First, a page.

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The word “ticket” has a variety of meanings, including what Wiktionary describes as a dated meaning of something with a bit of information on it, but how did it evolve to mean an item in a bug tracking system or a tech support system?

I looked up the Online Etymology Dictionary, but it didn’t cover this usage.

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    @Mari-LouA Is the question not good because it requires specialist or field-specific knowledge? On the one hand it's an etymology question, which seems to belong here doesn't it? On the other hand it's about computers and bugs, which seems to belong... there. – Zebrafish Oct 23 '18 at 10:25
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    @Zebrafish - I agree, btw what’s a bug tracking system, and what does ticket mean in that context? – user067531 Oct 23 '18 at 10:27
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    @Zebrafish I didn't say it was "off-topic" but if this question attracts between four and seven answers it will be closed, so Andrew I'd post some links if I were you. – Mari-Lou A Oct 23 '18 at 10:28
  • I notice the question was downvoted in addition to the concern expressed in the comments. So it's not off-topic, I'm trying to understand why it's a bad question. Is it because we're so sure that the derivation of this word in this context is lost to history, and that any answer will necessarily be false or speculative etymology? Edit: Or is it that the answer is obvious? You file a bug report, and get a number/ticket, like at the deli. – Zebrafish Oct 23 '18 at 13:25
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    @Zebrafish - "Ticket" is a metaphor used in many situations such as this. In the case of software bugs the reason is not particularly metaphorical -- I can remember, at IBM, filling out "PTR" (Program Trouble Report) forms in triplicate in the early 70s, and I'm sure many other software shops had similar practices. But it certainly helps that the term "ticket" is also familiar with regard to the "Take a number" ticket dispensers that were at one time quite common in bakeries and delis. – Hot Licks Oct 23 '18 at 16:13
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Trouble ticketing applications are software systems that appeared in the late 1980s to track and coordinate the reporting and resolution of networking problems in companies. Nowadays, trouble tickets are applied to any software or hardware problem. The expression "trouble ticket" appeared in a standards working document called RFC1297, likening the trouble tickets to the way that hospital charts coordinate the work of different specialists.

  • But mechanisms such as the IBM "PTR" existed decades before this. – Hot Licks Dec 17 '18 at 23:04
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    You are correct, the Problem Tracking Report was an IBM internal trouble ticket system and it was not commercialised. It was the appearance of PCs and LANs that gave rise to the need for general-purpose trouble ticketing tools to support IT users in enterprises and institutions. – CarlosE Dec 17 '18 at 23:26
  • I'll note that the IBM PTR was exposed to customers, since when they reported a problem it often turned into a PTR, and the customer would likely be told the number, etc. – Hot Licks Dec 18 '18 at 1:09
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This is in part conjecture based on the comments above as I worked with ICL not IBM the word ticket is linked to the history of job tickets, and in my days was often seen as cards in slots on the wall.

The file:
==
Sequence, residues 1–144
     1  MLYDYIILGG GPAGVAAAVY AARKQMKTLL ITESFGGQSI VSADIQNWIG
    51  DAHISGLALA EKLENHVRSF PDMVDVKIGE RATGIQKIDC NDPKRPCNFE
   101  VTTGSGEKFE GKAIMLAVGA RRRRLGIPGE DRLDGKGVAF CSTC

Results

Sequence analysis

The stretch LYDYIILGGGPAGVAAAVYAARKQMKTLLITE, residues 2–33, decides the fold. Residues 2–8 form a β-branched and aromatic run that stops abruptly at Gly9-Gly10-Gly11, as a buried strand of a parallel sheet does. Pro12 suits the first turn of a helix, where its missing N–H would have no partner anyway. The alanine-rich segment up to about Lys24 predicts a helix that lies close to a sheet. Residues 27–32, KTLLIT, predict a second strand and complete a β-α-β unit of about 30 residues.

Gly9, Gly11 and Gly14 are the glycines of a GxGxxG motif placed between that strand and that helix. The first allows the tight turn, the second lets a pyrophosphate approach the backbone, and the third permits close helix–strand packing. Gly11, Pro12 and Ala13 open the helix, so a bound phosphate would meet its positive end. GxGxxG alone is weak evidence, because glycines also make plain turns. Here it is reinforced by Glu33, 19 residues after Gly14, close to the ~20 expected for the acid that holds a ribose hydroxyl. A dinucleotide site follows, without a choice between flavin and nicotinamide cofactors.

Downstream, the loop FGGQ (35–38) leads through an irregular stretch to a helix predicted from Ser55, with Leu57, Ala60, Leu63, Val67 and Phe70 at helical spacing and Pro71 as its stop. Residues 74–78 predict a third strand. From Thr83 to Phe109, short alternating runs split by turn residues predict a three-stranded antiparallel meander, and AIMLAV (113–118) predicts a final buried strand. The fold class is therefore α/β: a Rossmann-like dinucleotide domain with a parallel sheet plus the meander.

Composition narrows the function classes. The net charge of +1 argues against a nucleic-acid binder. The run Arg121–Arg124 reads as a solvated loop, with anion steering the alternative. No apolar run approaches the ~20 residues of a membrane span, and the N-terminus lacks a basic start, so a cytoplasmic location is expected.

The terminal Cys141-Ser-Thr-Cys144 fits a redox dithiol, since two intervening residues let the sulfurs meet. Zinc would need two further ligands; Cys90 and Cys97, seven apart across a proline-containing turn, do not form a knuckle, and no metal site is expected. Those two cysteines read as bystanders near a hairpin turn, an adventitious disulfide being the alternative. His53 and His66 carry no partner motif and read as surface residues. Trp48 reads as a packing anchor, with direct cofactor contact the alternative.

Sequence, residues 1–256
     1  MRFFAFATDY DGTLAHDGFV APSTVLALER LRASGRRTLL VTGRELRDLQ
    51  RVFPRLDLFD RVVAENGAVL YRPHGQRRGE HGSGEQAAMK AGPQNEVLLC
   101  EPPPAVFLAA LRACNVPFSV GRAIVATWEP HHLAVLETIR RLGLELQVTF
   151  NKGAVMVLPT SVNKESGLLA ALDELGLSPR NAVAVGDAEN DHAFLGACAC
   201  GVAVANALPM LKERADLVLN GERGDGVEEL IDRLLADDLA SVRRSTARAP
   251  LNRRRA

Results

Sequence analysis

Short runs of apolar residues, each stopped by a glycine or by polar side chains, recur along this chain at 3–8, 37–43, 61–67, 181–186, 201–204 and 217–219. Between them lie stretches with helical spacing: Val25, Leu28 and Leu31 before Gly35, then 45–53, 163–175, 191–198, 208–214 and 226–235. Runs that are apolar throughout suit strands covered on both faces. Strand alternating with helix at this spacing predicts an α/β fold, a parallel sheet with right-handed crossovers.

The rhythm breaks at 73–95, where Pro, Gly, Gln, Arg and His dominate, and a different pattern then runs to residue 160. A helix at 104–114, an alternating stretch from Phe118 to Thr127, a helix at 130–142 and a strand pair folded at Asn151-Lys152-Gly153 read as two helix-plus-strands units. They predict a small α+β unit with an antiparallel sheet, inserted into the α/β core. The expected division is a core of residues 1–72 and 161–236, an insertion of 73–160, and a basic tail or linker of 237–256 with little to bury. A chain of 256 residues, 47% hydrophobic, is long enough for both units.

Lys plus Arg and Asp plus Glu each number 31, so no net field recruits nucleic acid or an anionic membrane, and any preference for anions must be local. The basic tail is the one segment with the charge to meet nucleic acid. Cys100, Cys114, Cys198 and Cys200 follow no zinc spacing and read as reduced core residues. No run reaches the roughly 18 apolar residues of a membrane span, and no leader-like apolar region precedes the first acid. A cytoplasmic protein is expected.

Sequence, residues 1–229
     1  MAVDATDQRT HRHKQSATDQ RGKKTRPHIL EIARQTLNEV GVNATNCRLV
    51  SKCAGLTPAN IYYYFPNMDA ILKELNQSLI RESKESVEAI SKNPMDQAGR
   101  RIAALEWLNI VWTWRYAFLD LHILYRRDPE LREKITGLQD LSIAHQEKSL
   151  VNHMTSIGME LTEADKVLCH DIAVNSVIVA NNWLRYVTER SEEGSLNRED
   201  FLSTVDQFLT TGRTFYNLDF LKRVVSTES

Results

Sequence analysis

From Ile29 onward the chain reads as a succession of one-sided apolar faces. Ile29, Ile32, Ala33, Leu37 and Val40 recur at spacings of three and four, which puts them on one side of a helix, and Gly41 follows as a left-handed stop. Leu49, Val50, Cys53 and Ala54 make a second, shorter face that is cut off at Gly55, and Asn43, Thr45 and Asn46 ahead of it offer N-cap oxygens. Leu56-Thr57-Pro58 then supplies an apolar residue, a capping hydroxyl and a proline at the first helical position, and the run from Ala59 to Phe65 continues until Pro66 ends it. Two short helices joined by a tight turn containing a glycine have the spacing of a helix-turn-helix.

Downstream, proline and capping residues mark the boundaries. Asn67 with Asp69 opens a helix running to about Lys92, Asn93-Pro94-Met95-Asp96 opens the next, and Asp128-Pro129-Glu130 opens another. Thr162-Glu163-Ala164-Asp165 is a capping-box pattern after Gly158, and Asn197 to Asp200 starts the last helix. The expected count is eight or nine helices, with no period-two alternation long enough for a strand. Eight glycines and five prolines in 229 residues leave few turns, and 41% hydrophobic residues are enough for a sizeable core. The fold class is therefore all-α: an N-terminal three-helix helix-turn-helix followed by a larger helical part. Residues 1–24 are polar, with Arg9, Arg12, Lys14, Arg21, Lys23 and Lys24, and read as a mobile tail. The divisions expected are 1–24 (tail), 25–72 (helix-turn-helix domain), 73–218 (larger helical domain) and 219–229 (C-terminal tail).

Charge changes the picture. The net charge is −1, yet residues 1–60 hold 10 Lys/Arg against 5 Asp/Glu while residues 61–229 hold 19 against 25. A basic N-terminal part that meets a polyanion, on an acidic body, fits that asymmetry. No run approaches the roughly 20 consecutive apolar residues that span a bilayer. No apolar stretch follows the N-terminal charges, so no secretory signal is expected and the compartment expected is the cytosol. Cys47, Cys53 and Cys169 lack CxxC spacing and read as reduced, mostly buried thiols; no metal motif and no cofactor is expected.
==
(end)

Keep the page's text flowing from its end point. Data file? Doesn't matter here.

Back in the 50's IBM had a system for converting customer sales tickets (like those on clothing) into computer punch cards for input to a database for subsequent stock control and other queries. There was a dedicated device IBM 549: Ticket Converter. As described in A24-1010-0_IBM_Operators_Reference. However going further back in the archives, we find that in 1921 IBM's predecessor (Computing-Tabulating-Recording Company) acquired the Ticketograph Company of Chicago.

"The Ticketograph was a device for controlling job labor" ... "It also could be used to track the flow of important documents and files throughout an organization."

It in turn was based on earlier job tickets as developed from punching tickets "in and out" all based on the following root.

"Dr. Herman Hollerith conducts the first practical test of his tabulating system in recording and tabulating vital statistics for the Baltimore (Maryland) Department of Health. He would receive the first patents for his Electric Tabulating Machine in 1889. Hollerith will later form one of IBM's predecessor companies."

The question further askes about etymology of entomology (bugs) in computing and that mix introduces several other historic dates.

Mid 60's the IBM dedicated support systems were called ReTAIN and "delivered more than 5 decades of value to IBM and its clients" for support, however I have not found exactly what it replaced.

1954 Mass-production of computers, Thus without an earlier reference (except bug and help desk staff, see below) I have to currently stop here and offer that as the potential point of significant computer bug support tickets.

1945 Sept 9th Bug found in a relay and applied to mean some form of computer error or failure.

In May 1932 IBM president Thomas Watson, Sr., formally established an Education Department here are the 1935 graduating "Systems service women" [equivalent to help desk staff] assigned to IBM branch offices to assist salesmen in assessing customer requirements and to teach the customer's employees how to use their new IBM equipment.enter image description here

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